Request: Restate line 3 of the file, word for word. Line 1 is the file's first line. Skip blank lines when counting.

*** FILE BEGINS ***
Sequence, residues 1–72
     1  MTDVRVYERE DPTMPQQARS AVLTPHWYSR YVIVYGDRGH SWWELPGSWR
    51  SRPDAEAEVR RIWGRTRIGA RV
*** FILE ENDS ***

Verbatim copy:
    51  SRPDAEAEVR RIWGRTRIGA RV